The UK plans to retire its entire fleet of 76 Hawk T1 trainer aircraft.

This leaves only 28 Hawk aircraft in British service, the T2 variant.

The Defence Command Paper released today, titled ‘Defence in a Competitive Age‘, states:

“The Royal Air Force will retire equipment that has increasingly limited utility in the digital
and future operating environment. This will include rationalising older fleets to improve
efficiency, retiring Typhoon Tranche 1 by 2025, and Hawk T1. We will enhance the new military flying training system with further investment in synthetic training that will deliver more capable pilots more quickly and more efficiently.”

Hawk T1 jets are used used in the aggressor role by No. 100 Squadron and famous as display aircraft by the Red Arrows. However the Express reports that the Royal Air Force Aerobatic Team have been saved from the axe in a defence review to be published in the week commencing March 22.

“Though Ministry of Defence insiders have confirmed that the iconic team will not be felled next week, RAF sources insisted its days were numbered unless other streams of financial support could be found urgently. The Red Arrows has arranged a raft of sponsorship deals with some blue-chip brands, ranging from BAE, Barbour and Breitling to Land Rover and Rolls Royce, worth just under a million pounds in total.”

This defence review was previously described by Boris Johnson as the largest review of its kind since the Cold War.

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Rob
Rob
6 months ago

What are the Red Arrows going to fly? Answers on a postcard.

Mark F
Mark F
6 months ago
Reply to  Rob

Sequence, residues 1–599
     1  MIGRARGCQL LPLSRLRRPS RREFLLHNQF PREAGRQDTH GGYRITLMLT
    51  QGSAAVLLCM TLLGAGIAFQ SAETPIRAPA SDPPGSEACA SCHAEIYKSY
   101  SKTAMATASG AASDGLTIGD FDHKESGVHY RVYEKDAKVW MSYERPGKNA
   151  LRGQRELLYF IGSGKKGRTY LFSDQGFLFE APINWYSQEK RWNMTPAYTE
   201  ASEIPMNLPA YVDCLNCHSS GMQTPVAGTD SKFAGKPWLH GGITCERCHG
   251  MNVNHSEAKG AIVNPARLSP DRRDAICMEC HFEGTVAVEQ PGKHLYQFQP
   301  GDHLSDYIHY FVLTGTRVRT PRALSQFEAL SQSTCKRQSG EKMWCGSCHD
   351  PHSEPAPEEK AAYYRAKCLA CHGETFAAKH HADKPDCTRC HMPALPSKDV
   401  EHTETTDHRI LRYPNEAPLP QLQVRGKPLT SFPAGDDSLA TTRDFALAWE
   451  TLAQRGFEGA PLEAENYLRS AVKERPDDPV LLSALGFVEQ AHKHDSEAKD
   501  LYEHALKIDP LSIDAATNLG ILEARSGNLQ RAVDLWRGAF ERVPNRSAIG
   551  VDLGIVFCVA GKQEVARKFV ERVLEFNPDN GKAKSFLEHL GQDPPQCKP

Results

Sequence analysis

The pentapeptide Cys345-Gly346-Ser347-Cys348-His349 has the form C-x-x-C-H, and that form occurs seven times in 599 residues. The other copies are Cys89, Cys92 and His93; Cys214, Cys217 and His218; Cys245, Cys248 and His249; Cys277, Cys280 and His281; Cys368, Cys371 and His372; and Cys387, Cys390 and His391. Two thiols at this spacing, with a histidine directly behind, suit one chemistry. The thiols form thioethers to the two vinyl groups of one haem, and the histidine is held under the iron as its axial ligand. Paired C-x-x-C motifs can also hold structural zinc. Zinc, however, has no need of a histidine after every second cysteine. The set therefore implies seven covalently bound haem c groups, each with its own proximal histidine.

Place postcard on a flat surface and fold in half, fold into a diamond shape, bend ends downward to act as wings. Paint red. Repeat 8 more times.

Herodotus
6 months ago
Reply to  Rob

Kites!

julian1
julian1
6 months ago
Reply to  Rob

T1 will be kept for the Reds – not sure how big the pool will be

Paul T
Paul T
6 months ago
Reply to  julian1

One (very) slight positive – 76 is a good fleet size to Cherry Pick the best Examples for the Reds surely ?.

Johan
Johan
6 months ago
Reply to  Paul T

They not good AKA LIKE Harriers airframe hours is a issue. No more Hawk upgrades BAEs could pull their extended flight hours. UK needs a new jet trainer.

Johan
Johan
6 months ago
Reply to  Rob

simulators,

3 years away from non combat duty.

do the job you take the shilling for.

and ever since that prat attacked Shoreham bypass air displays in the UK have lost RAF SUPPORT due to insurance

Daniele Mandelli
Daniele Mandelli
6 months ago
Reply to  Johan

and ever since that prat attacked Shoreham bypass”

Sorry, I had to laugh at that! Desperate as it was. Sorry.

Daniele Mandelli
Daniele Mandelli
6 months ago

So, 736 NAS days are already numbered. I thought maritime aggressor role would then pass to 100 Sqn but if Hawk is going?

Any chance of a Hawk T2 order HMG? For our factories, RAFDT, and 100 Sqn?

Paul T
Paul T
6 months ago

Think we have still ( just ) got the Capability to Manfacture the T2,can’t see any hope of any Orders though.

Jo
Jo
6 months ago
Reply to  Paul T

Unfortunately the factory that built the hawk, was redundant at Christmas, the government never stepped in.

Stuart
Stuart
6 months ago

BAE Systems Brough closed the shop floor at the end of 2020 due to a cease in manufacturing of the Hawk. Doubt they will ever be manufactured again unfortunately.

Paul T
Paul T
6 months ago
Reply to  Stuart

Could they not be built at Warton ?.

Stuart
Stuart
6 months ago
Reply to  Paul T

Although Warton do the final assembly Brough manufactured most of the sub assemblies and parts. Warton don’t have the same machines or capability to do what was done at Brough. Everything can be done but it’s at what price I suppose.